Market Station isn’t the only project completed last year either. The Colorado Rockies developed a mixed-use complex called McGregor Square, and the University of Colorado Denver built a residence hall. Two new apartment buildings – X Denver and The Fitzgerald – are also new additions to the Denver skyline, according to the Downtown Denver Partnership. An additional 14 projects are under construction right now, with the Colorado Convention Center expanding this year.
In 2021, Denver also ranked as the top city where millennials are moving, the third-best job market, and fifth-fastest growing large city, the report listed. The community is now inching again toward normalcy in 2022, with a sinking number of COVID-19 cases, access to vaccines and stabilized hospital rates, the city and county government reported on Jan. 31.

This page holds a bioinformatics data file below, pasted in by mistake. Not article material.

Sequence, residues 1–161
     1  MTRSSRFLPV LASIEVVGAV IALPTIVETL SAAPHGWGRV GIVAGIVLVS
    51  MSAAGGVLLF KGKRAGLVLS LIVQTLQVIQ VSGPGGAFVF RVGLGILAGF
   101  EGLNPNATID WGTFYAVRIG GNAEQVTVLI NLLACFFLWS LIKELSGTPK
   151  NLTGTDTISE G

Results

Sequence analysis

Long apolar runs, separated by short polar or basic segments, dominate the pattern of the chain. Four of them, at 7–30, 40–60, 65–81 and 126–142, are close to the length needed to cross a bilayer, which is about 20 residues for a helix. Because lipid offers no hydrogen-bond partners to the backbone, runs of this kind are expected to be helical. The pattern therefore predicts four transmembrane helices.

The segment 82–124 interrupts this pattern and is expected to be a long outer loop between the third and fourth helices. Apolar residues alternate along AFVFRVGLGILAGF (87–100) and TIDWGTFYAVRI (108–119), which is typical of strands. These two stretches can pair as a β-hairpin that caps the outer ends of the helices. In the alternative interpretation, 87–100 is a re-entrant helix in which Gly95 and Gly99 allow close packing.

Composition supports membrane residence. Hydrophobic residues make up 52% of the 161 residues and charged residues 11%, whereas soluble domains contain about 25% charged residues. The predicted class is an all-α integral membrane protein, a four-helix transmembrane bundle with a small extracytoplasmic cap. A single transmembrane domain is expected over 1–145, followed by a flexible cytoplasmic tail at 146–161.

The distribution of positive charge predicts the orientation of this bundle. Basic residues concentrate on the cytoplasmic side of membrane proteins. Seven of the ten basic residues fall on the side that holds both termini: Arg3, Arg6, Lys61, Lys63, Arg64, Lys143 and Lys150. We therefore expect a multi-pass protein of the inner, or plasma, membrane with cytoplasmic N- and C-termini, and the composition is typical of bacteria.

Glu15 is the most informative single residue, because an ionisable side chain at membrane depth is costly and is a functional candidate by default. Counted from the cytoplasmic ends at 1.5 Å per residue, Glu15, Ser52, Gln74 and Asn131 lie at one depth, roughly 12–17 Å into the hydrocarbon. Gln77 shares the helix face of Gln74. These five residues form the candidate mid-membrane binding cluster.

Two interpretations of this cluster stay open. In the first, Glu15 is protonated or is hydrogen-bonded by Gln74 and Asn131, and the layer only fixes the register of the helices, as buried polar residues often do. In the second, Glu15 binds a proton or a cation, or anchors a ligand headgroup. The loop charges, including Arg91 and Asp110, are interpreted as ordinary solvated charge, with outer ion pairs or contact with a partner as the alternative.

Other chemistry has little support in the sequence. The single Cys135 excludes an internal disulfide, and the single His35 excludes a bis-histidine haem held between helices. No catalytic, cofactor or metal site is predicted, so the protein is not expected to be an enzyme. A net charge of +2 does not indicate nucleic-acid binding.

Still, Philip Kranefuss, head of real estate at company Homie Colorado, remains skeptical over the rebound of downtown Denver, as trends indicate that the pandemic has altered social habits – and some of those changes may linger. For instance, parking costs and traffic might not be considered worthwhile by some if they’re still uncomfortable socializing in bars or partaking in nightlife, he said. Potential renters could also be more openminded toward the affordability and yard space of suburbia over downtown apartments, Kranefuss added.
That’s not to say that he hasn’t noticed crowds in his latest visits to the area or transplants from Los Angeles and Washington, D.C., resettling in the city, but “you’re seeing a bit of that slow bleed” that occurs over time, Kranefuss said in a telephone interview. “It’s not an ideal picture for downtown.”